British government seeks opinions of Chagossians in Seychelles for possible resettlement
One of the main plantation house of the Chagos Islands, called 'Grann Kaz', once the heart of a thriving coconut industry, lies abandoned and forlorn after the British government forcibly evicted hundreds of Chagossians to make way for a US military base. (Alvin Tirant)
(Seychelles News Agency) - The British High Commission in Seychelles has distributed consultation documents to the Chagossian community in the country to get their opinions on how their possible resettlement to the Chagos archipelago could be carried out and the cost implications of the move.
They have until the 27th October to submit their views - almost 47 years since the Chagossians were expelled from the islands by the British government.
“They [Chagossian community leaders] have been invited to meet with staff of the High Commission to discuss the consultation documents, address any issues which are not entirely clear… a meeting is expected to take place in the coming weeks,” an spokesperson from the British High Commission in Seychelles responded to SNA in an email request for comment. “The UK Government is committed to maintaining a transparent and inclusive approach in its British Indian Ocean Territory policy review.”
The Guardian newspaper reported this month that a British Foreign and Commonwealth Office (FCO) consultation document said “management of a limited tourist industry in the outer islands could be implemented on a trial basis initially and would require relevant training for those interested in such work.”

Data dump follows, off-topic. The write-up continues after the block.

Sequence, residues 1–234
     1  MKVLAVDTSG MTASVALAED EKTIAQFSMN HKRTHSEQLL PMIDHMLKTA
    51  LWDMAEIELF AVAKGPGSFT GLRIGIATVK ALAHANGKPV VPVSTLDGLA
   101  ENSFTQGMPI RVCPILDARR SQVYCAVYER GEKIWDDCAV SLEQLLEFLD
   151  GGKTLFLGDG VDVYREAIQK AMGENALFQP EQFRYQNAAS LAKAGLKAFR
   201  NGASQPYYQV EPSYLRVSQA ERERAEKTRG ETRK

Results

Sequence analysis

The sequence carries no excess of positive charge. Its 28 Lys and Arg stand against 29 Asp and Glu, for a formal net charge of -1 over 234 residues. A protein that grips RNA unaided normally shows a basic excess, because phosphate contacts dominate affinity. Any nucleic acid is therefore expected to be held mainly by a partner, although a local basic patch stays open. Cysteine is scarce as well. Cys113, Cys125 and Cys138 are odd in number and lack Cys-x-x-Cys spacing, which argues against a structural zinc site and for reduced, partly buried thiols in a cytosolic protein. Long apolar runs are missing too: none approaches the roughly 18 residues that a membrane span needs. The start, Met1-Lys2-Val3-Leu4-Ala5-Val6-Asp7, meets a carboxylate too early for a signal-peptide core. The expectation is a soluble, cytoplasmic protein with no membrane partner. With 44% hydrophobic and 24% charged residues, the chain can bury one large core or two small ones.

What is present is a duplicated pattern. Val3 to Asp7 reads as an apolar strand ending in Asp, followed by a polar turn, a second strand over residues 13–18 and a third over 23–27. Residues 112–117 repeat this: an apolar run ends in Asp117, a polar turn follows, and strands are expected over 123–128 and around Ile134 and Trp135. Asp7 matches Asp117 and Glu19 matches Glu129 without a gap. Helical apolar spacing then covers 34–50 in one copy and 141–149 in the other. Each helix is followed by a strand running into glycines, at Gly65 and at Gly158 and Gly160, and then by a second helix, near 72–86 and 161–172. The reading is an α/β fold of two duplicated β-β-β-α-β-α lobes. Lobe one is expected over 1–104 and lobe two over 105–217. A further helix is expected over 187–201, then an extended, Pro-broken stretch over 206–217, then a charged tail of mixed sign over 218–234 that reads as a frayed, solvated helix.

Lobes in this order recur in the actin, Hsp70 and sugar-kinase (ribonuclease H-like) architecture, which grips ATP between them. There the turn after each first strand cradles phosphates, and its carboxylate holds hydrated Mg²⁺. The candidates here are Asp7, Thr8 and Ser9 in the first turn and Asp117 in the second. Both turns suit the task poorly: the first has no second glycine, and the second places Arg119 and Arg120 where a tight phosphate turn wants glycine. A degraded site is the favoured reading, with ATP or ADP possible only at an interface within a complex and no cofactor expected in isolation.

The paper suggested plans to cater for increasing yacht visits, as neither commercial flights to the islands nor permanent infrastructure such as hotels will be permitted by the British authorities at the moment.
The proposal suggests the return of up to 1,500 Chagossians and their descendants, as well as allowing tourists to visit the long-forbidden islands, which are home to a US military base on the main island of Diego Garcia, in what is now known as the British Indian Ocean Territory (BIOT). The lease of the American military base expires in 2016.
According to The Guardian, British ministers delayed making any decision concerning the resettlement earlier this year even though they promised to find a solution before the end of the last session of parliament.
The British government still needs to complete the consultation process with the exiled Chagossian communities in Mauritius and Seychelles. A decision on the matter could be taken by 2015 or early 2016. A feasibility study by KPMG and commissioned by the FCO was carried out last year.
|Crystal-clear waters filled with fish and turtles: this is how a group of six Seychelles-based Chagossians described the natural environment of the archipelago after the British government allowed the small group to visit the islands for one week in May. (Alvin Tirant) Photo License: All Rights Reserved|
Former Seychelles President James Mancham welcomes the news
In a press statement issued last week, Mancham suggested that Seychelles and the British government should engage in offering certain assistance and encouragement to the development of tourism in some parts of the Chagos archipelago.